What We Can Expect From The Future Of Hong Kong’s Fintech Scene
One of the buzzwords in the startup community for the last several years has been “fintech.” This hot topic covers a broad subject area but the actual meaning of the term is often not fully understood. What is clear is that Hong Kong remains one of the most prominent financial centers in the world and as such, the city is well positioned to becoming one of the global leaders in fintech.
Let’s start with the basics. Fintech is short for financial technology. The term itself is usually used in the context of startups but on a broad scope it can include large financial institutions (banks), large tech companies (Google, Apple and Facebook), companies that facilitate financial transactions (MasterCard, Nasdaq), startups (Stripe, Betterment, Qupital) and even crypto-currencies such as Bitcoin. Other popular areas that fintech encompasses include crowdfunding, mobile payments, machine learning, predictive behavioral analytics, data-driven marketing, AI, cybersecurity, blockchain, big data, robo-advisors and digital wallets.
So who uses fintech? Pretty much everyone in the world. As technology has rapidly evolved over the last ten years, the earliest adopter of fintech was naturally the financial services industry. But with the recent rise of the smartphone, there is a clear change in consumer behavior resulting in people having unlimited access to data at their fingertips. In the very same way that all companies must now participate in digital and social media marketing (or be left behind), so must companies incorporate fintech systems into their infrastructure to survive. Fintech ultimately allows companies to use innovation and technology to reduce costs, enhance product offerings and provide services faster to their consumers.
You’ve been warned
As is the case with any large structural shifts in technology, for all the benefits that fintech brings there exists negatives as well. Right off the bat you can see the potential negative impact on the workforce as multitudes of manual or operational roles will look to get replaced by technology. A Citigroup report released in 2016 predicted that 30% of banking jobs could disappear between 2015 and 2025 as technology replaces human beings.
After reading this report, I was intrigued so I decided to ask my friend and local fintech thought leader Henri Arslanian, the PricewaterhouseCoopers FinTech and RegTech Lead for Hong Kong and China, what he thought of the situation. Interestingly enough, Arslanian believes the even greater threat comes not from the loss of jobs but directly from the large technology companies themselves.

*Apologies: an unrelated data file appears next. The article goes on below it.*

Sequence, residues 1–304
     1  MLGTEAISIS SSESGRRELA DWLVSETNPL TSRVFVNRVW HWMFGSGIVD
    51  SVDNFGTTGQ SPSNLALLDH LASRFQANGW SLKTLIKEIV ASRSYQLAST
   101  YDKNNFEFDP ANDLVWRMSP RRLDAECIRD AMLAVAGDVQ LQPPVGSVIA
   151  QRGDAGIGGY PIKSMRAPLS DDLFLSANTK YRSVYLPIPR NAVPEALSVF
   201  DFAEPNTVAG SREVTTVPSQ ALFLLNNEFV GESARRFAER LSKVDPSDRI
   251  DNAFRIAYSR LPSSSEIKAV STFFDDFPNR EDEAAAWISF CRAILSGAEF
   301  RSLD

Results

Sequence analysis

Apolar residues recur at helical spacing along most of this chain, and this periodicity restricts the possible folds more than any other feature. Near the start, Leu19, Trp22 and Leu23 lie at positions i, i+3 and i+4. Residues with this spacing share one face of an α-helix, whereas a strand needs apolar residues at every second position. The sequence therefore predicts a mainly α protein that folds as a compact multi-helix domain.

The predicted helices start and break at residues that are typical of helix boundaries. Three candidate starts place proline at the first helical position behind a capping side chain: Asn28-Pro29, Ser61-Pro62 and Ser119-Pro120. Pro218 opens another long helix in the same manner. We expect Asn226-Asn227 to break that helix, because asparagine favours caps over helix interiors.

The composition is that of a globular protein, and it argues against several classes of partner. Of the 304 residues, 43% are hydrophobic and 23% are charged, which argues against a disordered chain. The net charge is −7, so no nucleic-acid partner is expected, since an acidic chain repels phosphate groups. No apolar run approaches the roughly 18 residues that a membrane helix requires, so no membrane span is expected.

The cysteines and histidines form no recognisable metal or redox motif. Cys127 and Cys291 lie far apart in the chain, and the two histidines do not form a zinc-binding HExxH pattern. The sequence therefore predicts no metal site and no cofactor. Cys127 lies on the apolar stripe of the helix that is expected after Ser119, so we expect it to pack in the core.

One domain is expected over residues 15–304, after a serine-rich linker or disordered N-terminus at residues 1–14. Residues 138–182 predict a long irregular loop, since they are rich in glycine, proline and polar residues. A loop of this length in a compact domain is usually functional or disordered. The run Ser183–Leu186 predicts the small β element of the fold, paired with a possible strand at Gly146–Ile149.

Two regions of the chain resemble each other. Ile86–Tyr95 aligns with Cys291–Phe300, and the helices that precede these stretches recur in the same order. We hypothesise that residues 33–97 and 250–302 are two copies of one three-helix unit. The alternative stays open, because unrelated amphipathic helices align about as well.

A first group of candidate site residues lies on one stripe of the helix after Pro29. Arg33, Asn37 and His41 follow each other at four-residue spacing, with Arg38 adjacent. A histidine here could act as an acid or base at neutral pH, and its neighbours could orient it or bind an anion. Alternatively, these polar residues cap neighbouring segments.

Hong Kong as a leading global fintech hub
Hong Kong’s strength as a global financial hub is obvious. The city is consistently ranked in the top five financial centers of the world by a number of global surveys and metrics annually, including the World Economic Forum’s Financial Development Report. Peter Diamandis of X Prize Foundation and Singularity University argues that in the years between 2016 and 2020 as many as three to five billion new people will come online, primarily from China and India. Hong Kong’s proximity to both of these countries makes it a natural frontrunner to be the region’s leading fintech hub.
Anticipating this opportunity, a number of organizations and events focusing on fintech have popped up locally including FinTech Hong Kong, Accenture’s FinTech Innovation Lab and Next Money’s fintech finals startup competition (Asia’s largest). Finally, the Hong Kong Monetary Authority (HKMA) has also establish a Fintech Facilitation Office in anticipation of the rapid evolution of fintech in the city.
The future of fintech
The changes happening these days in fintech occur at such a rapid pace that it is hard to predict what the future holds. It’s clear to spot some of the leading trends including robo-advisors and the use of Blockchain technology (originally designed for Bitcoin). But according to Arslanian, one of the biggest trends to come is often overlooked and that’s in the not-so-sexy area of RegTech.
“I think is the most promising for the next year to come is really RegTech, which is Regulatory Technology, which is basically the use of some of the new technologies to really address some of the regulatory and compliance, not only more effectively, but also more efficiently.”
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